Colts bucking to sell jersey ad

June 9, 2009
Back to TopCommentsE-mailPrintBookmark and Share
coltscampTwo weeks after National Football League officials announced teams can sell an ad on players’ practice jerseys, things are heating up at the Indianapolis Colts’ 56th training complex—also home to the franchise’s sales and marketing staff.

“We have proposals out there, and interest is pretty high,” said Tom Zupancic, Colts senior vice president of sales and marketing.

The jersey ad has broad appeal Zupancic said. “It could be for a retail operation or branding in just about any category,” he said.

Zupancic thinks his staff will have a deal signed by the time training camp opens Aug. 2.

Sports marketers said the practice jersey ads would be ideal for local or regional firms, and estimated a deal will wind up in the mid six-figure range in a market like Indianapolis. Similar deals in markets like Chicago, Dallas or New York would likely command high six figures or low seven figures. All the money will stay with the team and not be poured into the revenue sharing pot.

While the jersey sponsorship is being largely embraced by teams, there is some fear that it could widen the revenue chasm between the league's haves and have-nots. Further, teams that make the playoffs are allowed to sell a seperate practice jersey sponsorship for the playoff run that could further widen the gap.

The Denver Broncos, Dallas Cowboys, Detroit Lions, Green Bay Packers, Houston Texans and Tennessee Titans are among the teams seriously considering practice jersey sponsor deals.

The NFL mandates that the ads be no larger than 3-1/2 inches by 4-1/2 inches. They can’t be worn on game jerseys, even in the pre-season, and can’t advertise for tobacco, alcohol or firearm companies. The NFL is allowing deals with state lotteries, but Zupancic didn’t tip his hand on that prospect.

The only time the ads would be visible to fans would be during open training camp sessions. But NFL officials think sponsors will pay for the small spots so they show up during media shots and post-practice interviews.

The jersey sponsorship opportunity is coming at an ideal time for the Colts, who lost Chevrolet as the southeast corner sponsor at Lucas Oil Stadium and a handful of other smaller sponsors following last season. The Colts sales staff will have to hustle, Zupancic said, to match last year’s sponsorship sales revenue. In 2008, the first in Lucas Oil Stadium, sponsorship revenue was up about 30 percent from the previous year.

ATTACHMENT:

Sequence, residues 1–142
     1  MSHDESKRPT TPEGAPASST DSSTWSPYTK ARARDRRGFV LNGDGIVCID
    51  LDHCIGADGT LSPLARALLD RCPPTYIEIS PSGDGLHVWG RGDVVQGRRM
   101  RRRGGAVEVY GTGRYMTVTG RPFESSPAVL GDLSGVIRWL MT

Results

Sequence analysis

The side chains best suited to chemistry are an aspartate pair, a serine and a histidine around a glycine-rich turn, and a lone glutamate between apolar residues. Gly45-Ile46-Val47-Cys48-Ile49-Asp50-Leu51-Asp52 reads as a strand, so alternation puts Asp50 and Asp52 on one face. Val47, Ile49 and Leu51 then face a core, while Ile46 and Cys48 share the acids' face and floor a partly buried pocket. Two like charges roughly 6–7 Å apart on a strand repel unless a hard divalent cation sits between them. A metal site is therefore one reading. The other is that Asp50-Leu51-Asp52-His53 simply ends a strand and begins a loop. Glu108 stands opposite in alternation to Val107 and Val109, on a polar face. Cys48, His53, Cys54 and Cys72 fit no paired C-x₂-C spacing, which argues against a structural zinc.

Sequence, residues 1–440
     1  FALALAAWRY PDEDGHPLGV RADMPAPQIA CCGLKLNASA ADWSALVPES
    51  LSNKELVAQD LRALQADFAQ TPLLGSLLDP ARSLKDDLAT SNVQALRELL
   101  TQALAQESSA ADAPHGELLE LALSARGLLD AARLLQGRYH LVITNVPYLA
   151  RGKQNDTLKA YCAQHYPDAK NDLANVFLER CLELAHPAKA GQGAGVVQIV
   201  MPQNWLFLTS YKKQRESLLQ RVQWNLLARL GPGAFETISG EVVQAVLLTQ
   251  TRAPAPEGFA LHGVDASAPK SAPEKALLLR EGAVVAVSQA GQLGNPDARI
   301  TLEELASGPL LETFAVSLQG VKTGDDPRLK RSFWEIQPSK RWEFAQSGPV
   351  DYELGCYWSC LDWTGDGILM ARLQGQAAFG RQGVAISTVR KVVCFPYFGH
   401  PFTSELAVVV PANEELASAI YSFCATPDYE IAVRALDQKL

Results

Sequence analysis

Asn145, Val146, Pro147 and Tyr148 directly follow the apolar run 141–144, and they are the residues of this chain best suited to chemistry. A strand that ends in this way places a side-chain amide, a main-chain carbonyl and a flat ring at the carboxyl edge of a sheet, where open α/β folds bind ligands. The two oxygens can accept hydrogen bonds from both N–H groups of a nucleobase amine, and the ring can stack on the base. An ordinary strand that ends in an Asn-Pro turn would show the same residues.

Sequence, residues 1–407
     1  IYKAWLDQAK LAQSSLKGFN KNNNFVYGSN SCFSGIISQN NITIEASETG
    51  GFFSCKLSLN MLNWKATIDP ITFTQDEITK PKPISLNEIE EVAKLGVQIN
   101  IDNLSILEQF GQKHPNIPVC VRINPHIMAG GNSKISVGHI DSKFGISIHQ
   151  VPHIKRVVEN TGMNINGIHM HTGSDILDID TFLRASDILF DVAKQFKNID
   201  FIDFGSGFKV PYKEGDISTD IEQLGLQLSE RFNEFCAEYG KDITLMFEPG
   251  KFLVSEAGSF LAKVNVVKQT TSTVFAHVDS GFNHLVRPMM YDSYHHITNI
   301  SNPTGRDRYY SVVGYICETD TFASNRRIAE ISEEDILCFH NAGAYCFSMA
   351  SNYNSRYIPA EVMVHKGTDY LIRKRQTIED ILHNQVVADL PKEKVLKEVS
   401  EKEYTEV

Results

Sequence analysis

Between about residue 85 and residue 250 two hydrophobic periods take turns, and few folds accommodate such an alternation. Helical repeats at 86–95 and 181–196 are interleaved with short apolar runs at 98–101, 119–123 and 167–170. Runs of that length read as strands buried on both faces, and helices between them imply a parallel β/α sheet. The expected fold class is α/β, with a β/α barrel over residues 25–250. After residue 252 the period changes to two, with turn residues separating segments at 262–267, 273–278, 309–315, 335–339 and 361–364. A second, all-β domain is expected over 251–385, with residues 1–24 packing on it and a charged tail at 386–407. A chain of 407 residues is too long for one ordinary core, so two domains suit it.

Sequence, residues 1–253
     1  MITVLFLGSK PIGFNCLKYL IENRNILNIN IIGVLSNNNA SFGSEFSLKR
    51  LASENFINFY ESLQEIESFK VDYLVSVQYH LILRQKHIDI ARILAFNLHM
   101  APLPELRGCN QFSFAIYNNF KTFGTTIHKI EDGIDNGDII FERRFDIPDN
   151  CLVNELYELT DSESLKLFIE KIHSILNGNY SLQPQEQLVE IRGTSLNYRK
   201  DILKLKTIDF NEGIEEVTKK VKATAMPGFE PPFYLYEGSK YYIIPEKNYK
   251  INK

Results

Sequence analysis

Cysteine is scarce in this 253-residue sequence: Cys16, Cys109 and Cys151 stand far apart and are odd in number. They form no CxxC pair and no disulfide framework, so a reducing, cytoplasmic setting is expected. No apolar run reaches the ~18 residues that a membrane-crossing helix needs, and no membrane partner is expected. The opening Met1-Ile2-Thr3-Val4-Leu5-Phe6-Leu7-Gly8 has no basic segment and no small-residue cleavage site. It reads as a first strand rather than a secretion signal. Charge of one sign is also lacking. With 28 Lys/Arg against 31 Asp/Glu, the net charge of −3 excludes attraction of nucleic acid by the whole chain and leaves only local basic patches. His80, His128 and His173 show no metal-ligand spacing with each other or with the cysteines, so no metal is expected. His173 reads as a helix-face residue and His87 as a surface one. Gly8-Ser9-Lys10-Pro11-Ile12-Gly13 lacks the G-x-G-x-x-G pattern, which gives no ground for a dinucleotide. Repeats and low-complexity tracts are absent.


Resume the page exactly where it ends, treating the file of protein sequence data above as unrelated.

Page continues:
“I don’t think we’ll have a major downfall,” Zupancic said. “But you can definitely tell there’s an [economic] pinch.”
  • Only a matter of time before ads appear on all professional stick-n-ball game uniforms. I say inside five years.
  • I don't think it will take five years. There's already talk among league owners whether cities and states have the right to have their name attached to the team in any way. Some building lease deals have a clause in them to this affect, but most do not.

Post a comment to this blog

We reserve the right to remove any post that we feel is obscene, profane, vulgar, racist, sexually explicit, abusive, or hateful.
You are legally responsible for what you post and your anonymity is not guaranteed.
Posts that insult, defame, threaten, harass or abuse other readers or people mentioned in IBJ editorial content are also subject to removal. Please respect the privacy of individuals and refrain from posting personal information.
No solicitations, spamming or advertisements are allowed. Readers may post links to other informational websites that are relevant to the topic at hand, but please do not link to objectionable material.
We may remove messages that are unrelated to the topic, encourage illegal activity, use all capital letters or are unreadable.

Messages that are flagged by readers as objectionable will be reviewed and may or may not be removed. Please do not flag a post simply because you disagree with it.

Sponsored by
  1. So as I read this the one question that continues to come to me to ask is. Didn't Indiana only have a couple of exchanges for people to opt into which were very high because we really didn't want to expect the plan. So was this study done during that time and if so then I can understand these numbers. I also understand that we have now opened up for more options for hoosiers to choose from. Please correct if I'm wrong and if I'm not why was this not part of the story so that true overview could be taken away and not just parts of it to continue this negative tone against the ACA. I look forward to the clarity.

  2. It's really very simple. All forms of transportation are subsidized. All of them. Your tax money already goes toward every single form of transportation in the state. It is not a bad thing to put tax money toward mass transit. The state spends over 1,000,000,000 (yes billion) on roadway expansions and maintenance every single year. If you want to cry foul over anything cry foul over the overbuilding of highways which only serve people who can afford their own automobile.

  3. So instead of subsidizing a project with a market-driven scope, you suggest we subsidize a project that is way out of line with anything that can be economically sustainable just so we can have a better-looking skyline?

  4. Downtowner, if Cummins isn't getting expedited permitting and tax breaks to "do what they do", then I'd be happy with letting the market decide. But that isn't the case, is it?

  5. Patty, this commuter line provides a way for workers (willing to work lower wages) to get from Marion county to Hamilton county. These people are running your restaurants, hotels, hospitals, and retail stores. I don't see a lot of residents of Carmel working these jobs.